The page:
Puerto Ricans headed to the polls on Sunday to decide whether or not they want their economically struggling U.S. territory to become the 51st U.S. state, although a vote in favor would likely face an uphill battle in Congress.
The island has $70 billion in debt, a 45-percent poverty rate, woefully underperforming schools, and near-insolvent pension and health systems.
Puerto Rico’s hazy political status, dating back to its 1898 acquisition by the United States from Spain, has contributed to the economic crisis that pushed it last month into the biggest municipal bankruptcy in U.S. history.
“I’m not voting. The government has spent millions of dollars on this campaign hoping that statehood wins, but even if it does, the U.S. Congress won’t want to do anything about it,” said Felix Salasarar, 54.
Many Puerto Ricans who turned out to vote on Sunday morning were retirees hoping that eventual statehood would finally put the island on equal standing with the 50 U.S. states, giving them more access to federal funds and the right to vote for the U.S. President.
“I voted for statehood,” Armando Abreu, a 74-year-old retiree, said after voting at the Escuela Gabriela Mistral. “Even if it’s still a long way off in the distance, it’s our only hope.”
Voting took place at deteriorating public schools in makeshift cardboard polling booths draped with brown plastic for privacy.
On the quaint and narrow streets of old San Juan people were divided over the three options they will face on Sunday’s ballot: becoming a U.S. state; remaining a territory; or becoming an independent nation, with or without some continuing political association with the United States.
Under the current system, Puerto Rico’s 3.5 million American citizens do not pay federal taxes, vote for U.S. presidents or receive proportionate federal funding on programs like Medicaid, though the U.S. government oversees policy and financial areas such as infrastructure, defense and trade.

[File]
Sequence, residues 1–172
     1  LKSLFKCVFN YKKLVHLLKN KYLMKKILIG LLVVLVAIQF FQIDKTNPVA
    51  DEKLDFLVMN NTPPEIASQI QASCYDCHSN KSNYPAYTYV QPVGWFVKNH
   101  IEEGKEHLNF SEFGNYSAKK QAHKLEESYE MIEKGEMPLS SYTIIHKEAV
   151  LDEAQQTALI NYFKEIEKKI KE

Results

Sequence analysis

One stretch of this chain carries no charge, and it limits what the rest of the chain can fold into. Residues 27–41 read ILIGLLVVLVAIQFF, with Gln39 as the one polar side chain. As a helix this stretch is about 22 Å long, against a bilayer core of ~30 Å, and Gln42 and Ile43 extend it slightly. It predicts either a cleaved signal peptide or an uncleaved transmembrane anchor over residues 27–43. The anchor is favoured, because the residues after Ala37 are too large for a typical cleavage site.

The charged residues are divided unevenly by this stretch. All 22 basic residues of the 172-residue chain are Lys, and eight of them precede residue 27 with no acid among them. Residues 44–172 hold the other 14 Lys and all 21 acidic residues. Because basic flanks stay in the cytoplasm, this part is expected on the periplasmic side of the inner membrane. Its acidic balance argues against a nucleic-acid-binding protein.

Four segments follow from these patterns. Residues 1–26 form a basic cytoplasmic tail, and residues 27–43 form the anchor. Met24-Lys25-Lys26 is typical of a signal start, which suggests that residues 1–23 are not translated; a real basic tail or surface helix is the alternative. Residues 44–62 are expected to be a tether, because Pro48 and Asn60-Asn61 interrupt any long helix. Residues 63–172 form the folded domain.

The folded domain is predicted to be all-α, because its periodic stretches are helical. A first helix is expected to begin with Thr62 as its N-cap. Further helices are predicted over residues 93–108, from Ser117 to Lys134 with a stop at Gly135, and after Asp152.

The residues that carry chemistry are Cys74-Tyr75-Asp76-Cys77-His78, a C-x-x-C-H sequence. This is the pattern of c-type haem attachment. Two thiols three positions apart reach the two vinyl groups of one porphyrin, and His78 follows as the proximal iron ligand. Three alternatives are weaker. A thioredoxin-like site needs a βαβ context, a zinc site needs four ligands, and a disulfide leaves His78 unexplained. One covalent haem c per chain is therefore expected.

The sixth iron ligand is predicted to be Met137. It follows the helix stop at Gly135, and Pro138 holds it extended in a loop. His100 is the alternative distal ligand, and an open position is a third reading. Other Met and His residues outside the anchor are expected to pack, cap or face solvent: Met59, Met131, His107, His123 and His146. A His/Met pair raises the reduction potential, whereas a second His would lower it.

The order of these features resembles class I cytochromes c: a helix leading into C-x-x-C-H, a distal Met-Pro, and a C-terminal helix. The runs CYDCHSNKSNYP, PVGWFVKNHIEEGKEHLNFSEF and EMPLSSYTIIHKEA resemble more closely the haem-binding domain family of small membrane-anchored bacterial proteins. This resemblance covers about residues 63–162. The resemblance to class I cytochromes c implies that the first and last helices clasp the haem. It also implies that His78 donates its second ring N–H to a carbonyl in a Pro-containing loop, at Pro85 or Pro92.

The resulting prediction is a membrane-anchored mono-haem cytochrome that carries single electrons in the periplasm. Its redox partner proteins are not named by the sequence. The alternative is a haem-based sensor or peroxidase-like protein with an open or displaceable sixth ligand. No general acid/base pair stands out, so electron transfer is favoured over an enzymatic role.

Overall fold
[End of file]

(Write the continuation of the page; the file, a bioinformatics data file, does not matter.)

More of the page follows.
Puerto Rico Governor Ricardo Rossello campaigned last year on holding a referendum.
Rossello’s New Progressive Party (PNP) party, which controls Puerto Rico’s government, is premised on a pro-statehood stance, while the opposition Popular Democratic Party (PPD) supports versions of the current territory status and a third party, the Puerto Rican Independence Party (PIP), supports independence.\
Puerto Rico’s two other main political parties have called for a boycott, raising concerns about a low voter turnout.
A spokesman for the governor told Reuters he will push Congress to respect a result in favor of statehood, but Puerto Rico is seen as a low priority in Washington.
The status referendum is Puerto Rico’s fifth since 1967. Statehood won in the last referendum in 2012, though PPD leaders instructed constituents to leave blank hundreds of thousands of ballots, calling the result into question.
“Statehood isn’t going to happen and the status quo is a trap,” said 23-year-old engineering and economics student Daniel Montalvo. “At this point, I think gradual independence is the best option.”
(Reporting by Tracy Rucinski; editing by Dave Gregorio and Grant McCool)